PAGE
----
Matric Results Won't Be Published In Newspapers

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The annual tradition of purchasing a newspaper to see who passed matric will not take place as the education department has decided against publishing matric results on public platforms. 


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The annual tradition of purchasing a newspaper to see who passed matric will not take place as the education department has decided against publishing matric results on public platforms.

The Department of Basic Education (DBE) has announced that the matric class of 2021’s results won't be published on public platforms.

This as the DBE looks to comply with the Protection of Personal Information Act (POPIA), 2013 (Act No. 04 of 2013), which came into effect on 1 July 2021. The DBE explained that in terms of the constitution, everyone has the right to privacy and this extends to matriculants.

In recent years, the department changed the practice of publishing names in the newspapers to examination numbers. This would only allow people to identify who passed if they knew an individual's unique matric examination number.

Director at Snail Attorneys, Sizwe Snail kaMtuze, says despite this mesure, personal information is defined as information linked to an individual. This includes information around a person’s race, birthday or ID number.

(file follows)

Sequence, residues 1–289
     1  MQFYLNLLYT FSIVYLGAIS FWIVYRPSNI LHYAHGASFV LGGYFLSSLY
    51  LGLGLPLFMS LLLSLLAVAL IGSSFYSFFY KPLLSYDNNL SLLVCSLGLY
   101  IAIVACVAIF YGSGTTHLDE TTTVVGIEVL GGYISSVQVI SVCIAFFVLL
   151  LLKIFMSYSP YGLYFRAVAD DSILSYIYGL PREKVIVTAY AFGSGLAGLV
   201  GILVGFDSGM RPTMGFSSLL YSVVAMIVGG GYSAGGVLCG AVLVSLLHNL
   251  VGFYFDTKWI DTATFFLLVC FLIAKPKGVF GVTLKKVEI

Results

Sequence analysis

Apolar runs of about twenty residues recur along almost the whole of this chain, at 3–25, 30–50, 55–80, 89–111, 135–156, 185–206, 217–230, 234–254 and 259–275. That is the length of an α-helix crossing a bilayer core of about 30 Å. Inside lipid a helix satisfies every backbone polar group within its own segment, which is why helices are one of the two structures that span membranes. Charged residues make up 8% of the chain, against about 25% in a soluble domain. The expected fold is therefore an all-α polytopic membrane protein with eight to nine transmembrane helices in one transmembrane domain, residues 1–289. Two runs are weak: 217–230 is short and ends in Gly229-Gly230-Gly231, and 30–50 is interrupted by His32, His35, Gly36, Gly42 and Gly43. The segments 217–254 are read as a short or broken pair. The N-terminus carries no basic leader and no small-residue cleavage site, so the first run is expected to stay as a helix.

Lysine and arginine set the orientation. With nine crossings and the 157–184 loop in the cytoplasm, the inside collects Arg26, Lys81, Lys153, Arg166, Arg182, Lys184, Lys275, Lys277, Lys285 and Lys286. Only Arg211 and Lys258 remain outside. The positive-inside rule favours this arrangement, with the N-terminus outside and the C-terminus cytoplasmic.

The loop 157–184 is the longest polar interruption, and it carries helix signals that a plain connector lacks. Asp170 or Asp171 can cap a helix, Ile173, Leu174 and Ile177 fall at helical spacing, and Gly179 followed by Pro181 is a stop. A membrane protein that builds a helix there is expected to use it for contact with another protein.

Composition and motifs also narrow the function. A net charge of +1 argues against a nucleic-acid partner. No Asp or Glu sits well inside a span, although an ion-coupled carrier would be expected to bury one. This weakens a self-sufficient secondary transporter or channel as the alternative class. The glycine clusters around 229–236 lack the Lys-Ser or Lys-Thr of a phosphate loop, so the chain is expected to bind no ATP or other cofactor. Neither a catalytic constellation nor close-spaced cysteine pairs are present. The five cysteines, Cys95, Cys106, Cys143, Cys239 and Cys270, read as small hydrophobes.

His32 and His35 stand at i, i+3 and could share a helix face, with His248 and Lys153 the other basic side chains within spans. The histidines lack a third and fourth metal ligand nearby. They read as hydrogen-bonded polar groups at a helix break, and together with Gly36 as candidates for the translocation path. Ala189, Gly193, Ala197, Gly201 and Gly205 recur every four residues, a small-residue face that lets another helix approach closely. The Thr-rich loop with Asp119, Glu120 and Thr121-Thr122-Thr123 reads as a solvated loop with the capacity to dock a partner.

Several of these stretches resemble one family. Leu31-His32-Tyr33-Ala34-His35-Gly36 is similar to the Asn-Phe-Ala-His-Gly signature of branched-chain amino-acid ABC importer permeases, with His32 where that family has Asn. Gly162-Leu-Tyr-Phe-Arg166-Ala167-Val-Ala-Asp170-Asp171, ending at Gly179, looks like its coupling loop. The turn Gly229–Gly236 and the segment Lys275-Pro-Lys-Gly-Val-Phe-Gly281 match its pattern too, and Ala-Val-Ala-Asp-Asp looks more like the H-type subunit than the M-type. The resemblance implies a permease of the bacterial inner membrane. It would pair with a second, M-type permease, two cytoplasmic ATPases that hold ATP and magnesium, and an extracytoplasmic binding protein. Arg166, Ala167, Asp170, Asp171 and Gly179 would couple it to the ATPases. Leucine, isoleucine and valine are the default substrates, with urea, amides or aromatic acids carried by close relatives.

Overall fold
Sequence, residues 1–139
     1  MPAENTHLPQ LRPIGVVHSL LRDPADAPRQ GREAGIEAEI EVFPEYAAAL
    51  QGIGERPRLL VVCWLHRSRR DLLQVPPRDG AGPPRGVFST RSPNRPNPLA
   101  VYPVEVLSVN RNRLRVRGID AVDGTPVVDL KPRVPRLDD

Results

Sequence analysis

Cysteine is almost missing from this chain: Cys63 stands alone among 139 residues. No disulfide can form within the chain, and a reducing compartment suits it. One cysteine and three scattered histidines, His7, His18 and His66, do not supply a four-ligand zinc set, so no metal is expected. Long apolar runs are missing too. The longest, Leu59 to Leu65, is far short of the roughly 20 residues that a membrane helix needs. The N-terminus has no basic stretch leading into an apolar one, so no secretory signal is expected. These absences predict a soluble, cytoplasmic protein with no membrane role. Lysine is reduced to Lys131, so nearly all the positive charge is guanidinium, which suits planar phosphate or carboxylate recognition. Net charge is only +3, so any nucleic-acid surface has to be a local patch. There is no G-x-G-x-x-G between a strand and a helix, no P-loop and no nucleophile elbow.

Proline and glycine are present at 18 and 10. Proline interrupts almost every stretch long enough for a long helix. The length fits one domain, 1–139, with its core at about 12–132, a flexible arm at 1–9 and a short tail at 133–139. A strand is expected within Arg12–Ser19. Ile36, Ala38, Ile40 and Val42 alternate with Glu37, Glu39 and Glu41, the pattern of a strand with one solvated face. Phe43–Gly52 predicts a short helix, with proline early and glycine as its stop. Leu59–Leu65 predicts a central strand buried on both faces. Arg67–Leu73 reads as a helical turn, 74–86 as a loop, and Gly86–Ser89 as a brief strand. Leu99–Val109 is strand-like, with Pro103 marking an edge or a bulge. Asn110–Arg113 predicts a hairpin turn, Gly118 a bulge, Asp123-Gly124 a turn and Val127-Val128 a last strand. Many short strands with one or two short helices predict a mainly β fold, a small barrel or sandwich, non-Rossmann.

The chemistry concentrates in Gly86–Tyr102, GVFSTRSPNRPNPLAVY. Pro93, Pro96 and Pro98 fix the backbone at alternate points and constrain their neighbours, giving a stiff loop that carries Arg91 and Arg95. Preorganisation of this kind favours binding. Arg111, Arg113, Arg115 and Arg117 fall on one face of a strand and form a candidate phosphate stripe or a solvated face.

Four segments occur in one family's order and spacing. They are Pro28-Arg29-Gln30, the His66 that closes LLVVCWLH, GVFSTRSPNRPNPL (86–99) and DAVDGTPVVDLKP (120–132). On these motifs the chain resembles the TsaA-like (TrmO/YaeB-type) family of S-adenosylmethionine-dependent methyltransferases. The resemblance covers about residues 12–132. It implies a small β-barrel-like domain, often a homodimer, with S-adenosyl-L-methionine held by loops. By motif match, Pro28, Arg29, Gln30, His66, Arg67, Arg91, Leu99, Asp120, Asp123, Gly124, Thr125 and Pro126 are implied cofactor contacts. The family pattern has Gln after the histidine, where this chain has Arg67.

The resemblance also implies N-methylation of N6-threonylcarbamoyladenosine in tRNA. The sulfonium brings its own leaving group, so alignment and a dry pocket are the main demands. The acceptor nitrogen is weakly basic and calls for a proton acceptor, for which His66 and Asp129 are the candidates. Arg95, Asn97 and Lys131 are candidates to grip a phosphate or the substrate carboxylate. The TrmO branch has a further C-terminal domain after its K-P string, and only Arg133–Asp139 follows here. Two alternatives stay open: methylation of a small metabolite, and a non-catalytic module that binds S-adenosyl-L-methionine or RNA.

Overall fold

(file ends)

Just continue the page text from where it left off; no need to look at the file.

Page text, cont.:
kaMtuze believes that an electronic method of sending the results such as via an email or SMS which is provided to the DBE by the student is safer than publishing things like ID numbers. This as an ID number can be used by cyber criminals for unscrupulous activities.

Psychologist Calynn Walker described the decision taken by the DBE as complex. This as learners are individuals and will respond differently to their results being available on a public platform as well as the support structures around the students

Walker explained, “if they did not achieve as well as they were hoping to or if they have failed and are not on the list of matriculants who have passed for the year this new system actually potentially allows the opportunity for students to mitigate and manage their exposure and potential humiliation which I think is also really important to consider”.

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